Unmerited Favor and Undeserved Grace.
“This change of plans upset Jonah, and he became very angry. So he complained to the LORD about it: ‘Didn’t I say before I left home that you would do this, LORD? That is why I ran away to Tarshish! I knew that you were a gracious and compassionate God, slow to get angry and filled with unfailing love. I knew how easily you could cancel your plans for destroying these people. Just kill me now, LORD! I’d rather be dead than alive because nothing I predicted is going to happen.'” – Jonah 4:1-3 NLT
Jonah had not wanted this assignment from God. In fact, he had attempted to run away when God had told him what he was to do: Go to the people of Nineveh and preach a message of judgment. Now we see why Jonah didn’t want to go. It wasn’t that he disliked the message of doom and gloom he was to share. It was that he feared the people would repent and God would spare them. Jonah hated the people of Nineveh. In his mind, they were idolatrous pagans who deserved to die at the hand of God. He didn’t want to call them to repentance, because they just might do it, and then God might extend mercy to them. That is what drove Jonah to run from God. Pretty revealing, isn’t it? Jonah’s will was that Nineveh be destroyed. And his greatest fear was that God might show mercy and allow them to live. He knew that a message of judgment was a possible precursor to repentance.
And that is exactly what happened. Once Jonah got to the city, his only message was: “Forty days from now Nineveh will be destroyed!” And we’re told “the people of Nineveh believed God’s message” and repented. They were so serious, they even made their animals wear garments of mourning. They prayed, fasted, and waited to see what God would do. And what He did was relent from His plans to destroy them. He extended mercy. He was, as Jonah knew, “eager to turn back from destroying people” (Jonah 4:2b NLT). But God’s unfailing love and mercy angered Jonah. He wanted destruction and wrath. He hated the people of Nineveh. When Jonah was in the belly of the fish, he prayed to God for mercy. He counted on God’s unfailing love. And he received it. But there is a certain degree of spiritual pride and arrogance in Jonah’s prayer. He said, “Those who worship false gods turn their backs on all God’s mercies. But I will offer sacrifices to you with songs of praise, and I will fulfill all my vows” (Jonah 2:8-9 NLT). Jonah seemed to think he was special because he somehow deserved God’s mercy and grace. He somehow earned God’s gracious favor and deliverance. The people of Nineveh didn’t. And he was right. Except that he failed to understand that neither he or the people of Nineveh deserved God’s mercy and grace. God says of Himself, “I will be gracious to whom I will be gracious, I will show mercy to whom I will show mercy” (Exodus 33:19 NET). No one deserves God’s mercy and grace. We can’t earn it. God simply extends it. And He chose to extend it toward the people of Nineveh. He also chose to extend it to Jonah, in spite of his rebellion and running away. Yet Jonah was more upset about a plant that died than the 120,000 residents of Nineveh who were destined for destruction. Jonah had been extended mercy and grace, but he was unwilling to extend it to others. What about you and me? Who do we know that we would love to see destroyed because of their sin? Who out there do we wish God would wipe off the face of the earth because of their evil and rejection of God? Do we have the heart that God has? Do we see the world the way He does? Are we merciful and compassionate, slow to get angry and filled with unfailing love? Are we eager to see God turn back from destroying those who probably deserve it? The message of the book of Jonah is one of redemption and forgiveness. It is about the compassionate heart of God. He is righteous and just and must deal with sin, but He also longs to redeem and restore. Which is why He came up with the idea of the cross. He had a plan for restoring mankind that would allow Him to remain just and still extend mercy. Because we could not pay for the penalty our sins deserved, He came up with the only way to satisfy His righteous demands and pay in full the price our sins required. He gave His only Son. He sacrificed Jesus on our behalf. He showed us mercy and grace when we deserved death. We have benefited greatly from the mercy of God. Now we must extend it to others. We should want them to know what we know and to experience what we have experienced. Regardless of who they are and what they have done.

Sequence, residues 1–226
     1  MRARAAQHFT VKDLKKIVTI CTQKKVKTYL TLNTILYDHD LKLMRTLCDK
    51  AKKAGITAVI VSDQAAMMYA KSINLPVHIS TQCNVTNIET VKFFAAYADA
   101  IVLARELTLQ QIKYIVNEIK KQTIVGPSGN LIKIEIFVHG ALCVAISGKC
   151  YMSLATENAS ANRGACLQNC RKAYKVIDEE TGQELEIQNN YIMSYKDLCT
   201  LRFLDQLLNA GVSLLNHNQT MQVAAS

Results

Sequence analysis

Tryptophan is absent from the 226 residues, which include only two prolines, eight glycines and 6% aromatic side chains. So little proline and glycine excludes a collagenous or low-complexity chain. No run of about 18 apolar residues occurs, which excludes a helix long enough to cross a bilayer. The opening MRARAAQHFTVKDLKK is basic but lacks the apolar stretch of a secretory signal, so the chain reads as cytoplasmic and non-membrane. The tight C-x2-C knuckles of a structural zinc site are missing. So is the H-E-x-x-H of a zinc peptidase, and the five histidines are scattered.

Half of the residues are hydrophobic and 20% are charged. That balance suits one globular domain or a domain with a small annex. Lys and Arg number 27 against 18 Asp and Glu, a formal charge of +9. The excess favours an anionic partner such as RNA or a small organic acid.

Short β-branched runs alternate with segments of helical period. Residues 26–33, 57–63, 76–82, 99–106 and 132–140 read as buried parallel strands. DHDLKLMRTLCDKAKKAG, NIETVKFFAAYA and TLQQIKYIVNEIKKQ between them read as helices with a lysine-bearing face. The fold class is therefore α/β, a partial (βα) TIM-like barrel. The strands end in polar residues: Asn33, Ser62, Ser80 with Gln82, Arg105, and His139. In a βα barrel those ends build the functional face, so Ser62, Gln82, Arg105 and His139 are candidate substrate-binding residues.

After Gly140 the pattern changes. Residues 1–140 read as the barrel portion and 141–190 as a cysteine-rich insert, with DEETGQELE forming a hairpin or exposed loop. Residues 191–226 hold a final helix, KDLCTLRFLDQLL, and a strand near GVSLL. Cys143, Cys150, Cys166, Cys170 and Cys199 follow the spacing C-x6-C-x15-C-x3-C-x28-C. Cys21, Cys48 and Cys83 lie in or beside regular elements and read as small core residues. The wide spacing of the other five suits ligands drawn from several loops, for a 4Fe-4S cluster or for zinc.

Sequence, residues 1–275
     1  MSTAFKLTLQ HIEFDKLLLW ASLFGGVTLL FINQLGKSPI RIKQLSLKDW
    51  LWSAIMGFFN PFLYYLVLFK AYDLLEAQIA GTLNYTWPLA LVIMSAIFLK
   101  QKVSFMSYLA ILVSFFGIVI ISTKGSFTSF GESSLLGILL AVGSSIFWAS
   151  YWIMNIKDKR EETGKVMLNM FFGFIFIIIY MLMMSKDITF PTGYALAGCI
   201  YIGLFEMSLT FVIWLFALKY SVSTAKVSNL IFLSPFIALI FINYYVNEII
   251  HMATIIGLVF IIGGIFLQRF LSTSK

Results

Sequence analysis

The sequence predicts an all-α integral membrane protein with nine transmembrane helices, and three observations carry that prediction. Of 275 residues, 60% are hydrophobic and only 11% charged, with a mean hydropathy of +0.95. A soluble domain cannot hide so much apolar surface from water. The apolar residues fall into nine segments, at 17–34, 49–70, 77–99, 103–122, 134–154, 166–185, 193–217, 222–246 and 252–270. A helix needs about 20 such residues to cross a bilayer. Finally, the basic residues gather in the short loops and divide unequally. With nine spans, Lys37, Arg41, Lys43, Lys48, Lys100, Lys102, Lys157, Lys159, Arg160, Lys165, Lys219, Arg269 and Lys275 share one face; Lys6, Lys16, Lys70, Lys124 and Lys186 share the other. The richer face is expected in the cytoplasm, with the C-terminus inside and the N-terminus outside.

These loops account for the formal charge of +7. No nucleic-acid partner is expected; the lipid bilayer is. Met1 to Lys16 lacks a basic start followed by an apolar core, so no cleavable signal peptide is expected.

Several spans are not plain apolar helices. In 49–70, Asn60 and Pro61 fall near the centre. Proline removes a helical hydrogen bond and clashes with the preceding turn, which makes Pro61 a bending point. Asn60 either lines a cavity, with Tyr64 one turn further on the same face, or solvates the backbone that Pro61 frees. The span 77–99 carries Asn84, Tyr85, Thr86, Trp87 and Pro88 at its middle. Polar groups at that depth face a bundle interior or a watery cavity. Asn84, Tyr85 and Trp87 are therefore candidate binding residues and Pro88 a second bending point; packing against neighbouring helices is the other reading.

Father, thank You for showing me mercy. Now help me to develop a heart of mercy toward others. Amen
Grow Pastor & Minister to Men